The DeLorean DMC-12 was only in production for two years, but it has loomed large in popular culture thanks in part to its prominent role in Robert Zemeckis’ Back To The Future series. The unusual-looking sports car with stainless-steel body panels and gull-wing doors dropped off the market in 1983, shortly after its creator John DeLorean was arrested on charges of drug trafficking—for which he was later found not guilty—and his DeLorean Motor Company went bankrupt. Now, more than three decades later, newly built DeLoreans will be rolling off the production line and onto U.S. highways once again.
Thanks to the recently approved “Low Volume Motor Vehicle Manufacturers Act of 2015,” British mechanic Stephen Wynne, CEO of the reincarnated DeLorean Motor Company, has the go-ahead to begin building replica 1982 DMC-12s. “It’s fantastic. It is a game-changer for us. We’ve been wanting this to happen,” Wynne told Click2Houston. “That was a green light to go back into production. That was prohibited. It was against the law to do it.”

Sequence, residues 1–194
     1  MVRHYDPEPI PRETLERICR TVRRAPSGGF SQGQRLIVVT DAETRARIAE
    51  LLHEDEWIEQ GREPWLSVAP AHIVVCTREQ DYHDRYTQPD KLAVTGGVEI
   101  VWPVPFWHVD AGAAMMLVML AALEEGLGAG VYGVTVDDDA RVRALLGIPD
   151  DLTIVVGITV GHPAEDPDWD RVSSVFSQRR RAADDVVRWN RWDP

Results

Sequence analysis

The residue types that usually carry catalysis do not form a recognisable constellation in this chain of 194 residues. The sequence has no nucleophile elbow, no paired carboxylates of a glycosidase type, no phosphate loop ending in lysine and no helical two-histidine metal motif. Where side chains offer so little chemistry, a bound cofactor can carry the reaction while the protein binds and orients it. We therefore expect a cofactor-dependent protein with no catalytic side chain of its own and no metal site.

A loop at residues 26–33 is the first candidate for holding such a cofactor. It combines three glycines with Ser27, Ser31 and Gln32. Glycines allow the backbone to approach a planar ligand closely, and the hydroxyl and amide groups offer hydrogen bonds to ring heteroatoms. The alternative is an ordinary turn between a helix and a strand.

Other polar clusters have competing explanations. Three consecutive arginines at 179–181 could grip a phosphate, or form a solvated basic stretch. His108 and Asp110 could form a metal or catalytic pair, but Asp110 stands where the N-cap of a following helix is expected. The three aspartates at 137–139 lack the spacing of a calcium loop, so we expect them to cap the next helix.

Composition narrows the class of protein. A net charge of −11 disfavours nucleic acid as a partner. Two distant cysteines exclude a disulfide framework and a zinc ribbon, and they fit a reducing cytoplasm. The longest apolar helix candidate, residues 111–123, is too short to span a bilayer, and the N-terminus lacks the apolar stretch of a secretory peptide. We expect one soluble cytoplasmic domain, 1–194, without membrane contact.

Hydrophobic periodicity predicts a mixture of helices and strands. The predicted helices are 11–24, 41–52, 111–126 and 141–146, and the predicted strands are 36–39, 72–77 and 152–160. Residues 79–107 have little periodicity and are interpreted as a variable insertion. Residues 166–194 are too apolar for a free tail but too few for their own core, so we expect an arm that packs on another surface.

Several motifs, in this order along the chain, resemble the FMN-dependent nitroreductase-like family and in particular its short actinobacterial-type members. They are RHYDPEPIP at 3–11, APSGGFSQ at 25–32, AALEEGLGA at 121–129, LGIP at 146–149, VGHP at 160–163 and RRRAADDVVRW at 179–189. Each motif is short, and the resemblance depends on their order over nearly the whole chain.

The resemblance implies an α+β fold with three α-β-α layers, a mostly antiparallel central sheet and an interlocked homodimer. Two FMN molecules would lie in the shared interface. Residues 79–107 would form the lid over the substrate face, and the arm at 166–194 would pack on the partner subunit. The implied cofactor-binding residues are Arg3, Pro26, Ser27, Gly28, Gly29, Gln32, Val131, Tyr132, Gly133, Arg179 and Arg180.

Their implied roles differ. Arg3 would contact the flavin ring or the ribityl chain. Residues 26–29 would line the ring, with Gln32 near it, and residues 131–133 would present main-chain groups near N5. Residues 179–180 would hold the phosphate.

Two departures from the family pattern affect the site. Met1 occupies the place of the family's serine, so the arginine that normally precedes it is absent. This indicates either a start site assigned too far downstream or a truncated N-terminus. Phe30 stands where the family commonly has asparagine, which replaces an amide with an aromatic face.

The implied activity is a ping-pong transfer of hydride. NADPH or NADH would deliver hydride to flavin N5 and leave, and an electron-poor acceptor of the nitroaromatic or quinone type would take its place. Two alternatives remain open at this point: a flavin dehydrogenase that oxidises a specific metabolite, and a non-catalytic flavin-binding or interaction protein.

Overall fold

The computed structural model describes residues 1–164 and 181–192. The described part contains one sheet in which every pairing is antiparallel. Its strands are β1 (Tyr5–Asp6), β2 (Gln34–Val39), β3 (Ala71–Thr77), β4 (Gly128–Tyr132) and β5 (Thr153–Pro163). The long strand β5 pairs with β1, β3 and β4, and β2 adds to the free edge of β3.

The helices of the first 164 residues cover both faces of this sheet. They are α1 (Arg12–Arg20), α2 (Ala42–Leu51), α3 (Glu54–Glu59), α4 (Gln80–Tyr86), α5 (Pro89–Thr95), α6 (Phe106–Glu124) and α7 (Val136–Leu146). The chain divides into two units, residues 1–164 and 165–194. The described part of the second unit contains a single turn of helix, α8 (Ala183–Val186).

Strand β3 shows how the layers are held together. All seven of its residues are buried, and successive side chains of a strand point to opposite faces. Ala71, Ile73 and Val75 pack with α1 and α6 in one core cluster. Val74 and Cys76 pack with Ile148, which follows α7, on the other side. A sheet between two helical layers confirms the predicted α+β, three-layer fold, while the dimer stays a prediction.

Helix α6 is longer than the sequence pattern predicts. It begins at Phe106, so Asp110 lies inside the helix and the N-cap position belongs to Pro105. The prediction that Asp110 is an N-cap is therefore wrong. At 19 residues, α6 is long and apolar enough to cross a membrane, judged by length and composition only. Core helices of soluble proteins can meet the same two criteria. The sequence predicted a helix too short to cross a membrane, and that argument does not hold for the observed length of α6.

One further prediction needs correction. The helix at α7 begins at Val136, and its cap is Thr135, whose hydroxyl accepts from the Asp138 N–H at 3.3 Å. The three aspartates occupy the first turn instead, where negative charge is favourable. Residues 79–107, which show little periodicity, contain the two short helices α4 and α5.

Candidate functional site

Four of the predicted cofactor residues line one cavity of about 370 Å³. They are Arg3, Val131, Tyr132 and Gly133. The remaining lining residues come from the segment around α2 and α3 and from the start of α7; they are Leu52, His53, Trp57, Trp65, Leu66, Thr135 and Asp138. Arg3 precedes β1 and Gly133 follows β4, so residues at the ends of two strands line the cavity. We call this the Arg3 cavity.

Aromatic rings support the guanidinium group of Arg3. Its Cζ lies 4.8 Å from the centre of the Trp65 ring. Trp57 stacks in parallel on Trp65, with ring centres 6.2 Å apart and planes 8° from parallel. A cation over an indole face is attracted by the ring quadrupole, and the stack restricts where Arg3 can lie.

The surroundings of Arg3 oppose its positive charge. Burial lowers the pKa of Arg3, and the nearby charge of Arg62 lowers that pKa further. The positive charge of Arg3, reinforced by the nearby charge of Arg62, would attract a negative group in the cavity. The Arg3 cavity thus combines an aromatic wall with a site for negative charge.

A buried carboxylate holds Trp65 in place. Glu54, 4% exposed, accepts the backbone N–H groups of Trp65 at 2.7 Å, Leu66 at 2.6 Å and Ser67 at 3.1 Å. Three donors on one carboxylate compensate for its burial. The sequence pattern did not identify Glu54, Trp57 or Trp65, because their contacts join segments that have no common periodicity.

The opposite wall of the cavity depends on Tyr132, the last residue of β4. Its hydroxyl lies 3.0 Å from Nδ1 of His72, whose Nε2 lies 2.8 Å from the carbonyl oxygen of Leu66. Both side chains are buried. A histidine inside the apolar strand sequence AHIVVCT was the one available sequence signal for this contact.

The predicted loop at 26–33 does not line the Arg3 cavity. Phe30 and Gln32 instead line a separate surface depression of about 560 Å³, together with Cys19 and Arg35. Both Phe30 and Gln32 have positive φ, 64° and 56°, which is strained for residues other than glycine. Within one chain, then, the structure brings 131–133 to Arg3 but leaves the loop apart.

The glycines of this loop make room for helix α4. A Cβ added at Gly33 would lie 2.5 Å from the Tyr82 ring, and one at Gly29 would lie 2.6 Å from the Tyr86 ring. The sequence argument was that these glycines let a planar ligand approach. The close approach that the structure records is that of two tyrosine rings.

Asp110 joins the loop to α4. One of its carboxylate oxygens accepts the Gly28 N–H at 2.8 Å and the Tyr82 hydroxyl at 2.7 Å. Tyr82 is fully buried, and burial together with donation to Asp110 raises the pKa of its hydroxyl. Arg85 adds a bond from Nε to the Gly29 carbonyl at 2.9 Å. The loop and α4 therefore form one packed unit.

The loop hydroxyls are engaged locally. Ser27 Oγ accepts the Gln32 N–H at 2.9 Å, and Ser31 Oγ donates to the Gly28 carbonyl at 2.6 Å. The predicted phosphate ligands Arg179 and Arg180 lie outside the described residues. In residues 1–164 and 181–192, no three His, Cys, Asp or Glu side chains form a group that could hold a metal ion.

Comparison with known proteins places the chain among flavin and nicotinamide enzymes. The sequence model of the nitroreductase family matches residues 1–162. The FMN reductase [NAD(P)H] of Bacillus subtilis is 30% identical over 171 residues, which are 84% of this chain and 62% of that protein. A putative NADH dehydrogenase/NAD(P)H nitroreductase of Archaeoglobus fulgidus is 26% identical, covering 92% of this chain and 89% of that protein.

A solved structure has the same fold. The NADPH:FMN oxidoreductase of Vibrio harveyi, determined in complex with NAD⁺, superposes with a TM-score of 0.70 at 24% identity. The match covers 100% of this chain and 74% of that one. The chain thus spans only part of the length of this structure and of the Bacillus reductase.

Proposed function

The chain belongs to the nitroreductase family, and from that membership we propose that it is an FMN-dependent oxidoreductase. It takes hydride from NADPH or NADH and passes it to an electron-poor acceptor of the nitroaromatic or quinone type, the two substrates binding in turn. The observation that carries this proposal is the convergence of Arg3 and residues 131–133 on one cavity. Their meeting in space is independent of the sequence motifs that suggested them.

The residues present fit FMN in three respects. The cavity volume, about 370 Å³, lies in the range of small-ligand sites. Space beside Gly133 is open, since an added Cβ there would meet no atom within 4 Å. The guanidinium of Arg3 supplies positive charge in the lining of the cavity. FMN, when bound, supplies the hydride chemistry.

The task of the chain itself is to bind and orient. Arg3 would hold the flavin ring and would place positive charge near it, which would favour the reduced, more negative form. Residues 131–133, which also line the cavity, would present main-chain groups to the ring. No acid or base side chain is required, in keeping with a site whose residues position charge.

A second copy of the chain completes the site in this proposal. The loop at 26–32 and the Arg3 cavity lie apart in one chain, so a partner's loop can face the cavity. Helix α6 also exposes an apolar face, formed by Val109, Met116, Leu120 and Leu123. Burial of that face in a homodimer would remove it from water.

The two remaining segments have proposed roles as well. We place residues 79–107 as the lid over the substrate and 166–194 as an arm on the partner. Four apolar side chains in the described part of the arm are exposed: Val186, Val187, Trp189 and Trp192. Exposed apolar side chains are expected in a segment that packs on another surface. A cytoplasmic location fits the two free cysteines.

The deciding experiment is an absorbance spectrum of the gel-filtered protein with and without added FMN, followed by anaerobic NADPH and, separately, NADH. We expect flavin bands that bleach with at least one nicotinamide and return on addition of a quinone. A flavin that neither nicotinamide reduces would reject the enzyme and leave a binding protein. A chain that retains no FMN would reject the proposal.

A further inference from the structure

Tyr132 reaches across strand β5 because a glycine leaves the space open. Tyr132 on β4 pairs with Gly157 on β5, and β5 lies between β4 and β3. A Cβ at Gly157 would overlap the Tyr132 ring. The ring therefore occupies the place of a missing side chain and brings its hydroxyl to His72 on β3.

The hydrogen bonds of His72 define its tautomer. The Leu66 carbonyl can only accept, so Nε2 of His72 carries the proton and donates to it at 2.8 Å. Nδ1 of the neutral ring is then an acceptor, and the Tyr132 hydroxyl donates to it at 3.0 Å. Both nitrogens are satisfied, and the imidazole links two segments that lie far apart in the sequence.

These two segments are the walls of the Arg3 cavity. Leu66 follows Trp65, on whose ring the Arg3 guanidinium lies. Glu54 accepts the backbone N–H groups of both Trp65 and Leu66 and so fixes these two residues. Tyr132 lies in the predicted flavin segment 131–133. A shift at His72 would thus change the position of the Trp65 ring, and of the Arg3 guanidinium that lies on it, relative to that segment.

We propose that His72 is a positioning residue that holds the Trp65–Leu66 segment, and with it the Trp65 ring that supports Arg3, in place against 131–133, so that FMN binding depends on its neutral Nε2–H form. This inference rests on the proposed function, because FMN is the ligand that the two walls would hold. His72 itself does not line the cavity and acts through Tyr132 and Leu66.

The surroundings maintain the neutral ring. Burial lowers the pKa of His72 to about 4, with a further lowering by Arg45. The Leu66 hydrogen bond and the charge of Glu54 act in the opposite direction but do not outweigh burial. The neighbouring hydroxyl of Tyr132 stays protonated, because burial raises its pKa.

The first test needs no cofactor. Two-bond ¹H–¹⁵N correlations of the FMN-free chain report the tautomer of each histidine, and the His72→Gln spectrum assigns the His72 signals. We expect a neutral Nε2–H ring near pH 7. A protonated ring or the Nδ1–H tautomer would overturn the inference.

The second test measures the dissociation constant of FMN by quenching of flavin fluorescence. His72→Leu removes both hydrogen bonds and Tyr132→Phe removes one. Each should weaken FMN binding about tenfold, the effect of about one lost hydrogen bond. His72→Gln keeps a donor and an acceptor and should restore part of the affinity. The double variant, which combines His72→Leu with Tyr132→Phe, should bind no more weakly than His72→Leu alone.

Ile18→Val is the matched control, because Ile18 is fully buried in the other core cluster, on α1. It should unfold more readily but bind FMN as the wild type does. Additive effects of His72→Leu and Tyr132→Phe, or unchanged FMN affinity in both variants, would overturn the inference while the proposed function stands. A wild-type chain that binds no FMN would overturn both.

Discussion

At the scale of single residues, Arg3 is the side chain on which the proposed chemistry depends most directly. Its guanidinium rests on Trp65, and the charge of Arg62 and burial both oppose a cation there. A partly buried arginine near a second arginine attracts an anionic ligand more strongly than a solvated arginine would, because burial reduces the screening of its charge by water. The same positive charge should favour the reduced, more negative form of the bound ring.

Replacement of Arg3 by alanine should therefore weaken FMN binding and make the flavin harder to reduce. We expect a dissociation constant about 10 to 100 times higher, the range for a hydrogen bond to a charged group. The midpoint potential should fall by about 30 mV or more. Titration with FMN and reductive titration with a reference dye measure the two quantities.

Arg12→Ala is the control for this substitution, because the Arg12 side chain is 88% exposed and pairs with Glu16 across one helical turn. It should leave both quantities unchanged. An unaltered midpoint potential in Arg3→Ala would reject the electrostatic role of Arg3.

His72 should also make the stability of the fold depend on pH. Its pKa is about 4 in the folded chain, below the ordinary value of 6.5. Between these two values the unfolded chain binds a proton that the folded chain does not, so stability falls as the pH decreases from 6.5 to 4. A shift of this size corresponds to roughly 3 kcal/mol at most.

Wynne was able to get his hands on the remaining parts inventory from the defunct DMC back in 1997, and has since been refurbishing old DeLoreans in his Humble, Texas facility and selling them for somewhere between $45,000 and $55,000. He’ll now be able to build about 300 brand-new cars from the parts he has in stock; they’ll be available beginning in early 2017 for an undetermined price (hopefully under $100,000). Unsurprisingly, these new DeLoreans will look very much the way you probably remember them—sans flux capacitor, of course. “There’s no reason to change the appearance of the car,” Wynne said. “As we go into the program, we’ll decide what areas need to be freshened up.”
[h/t Coming Soon]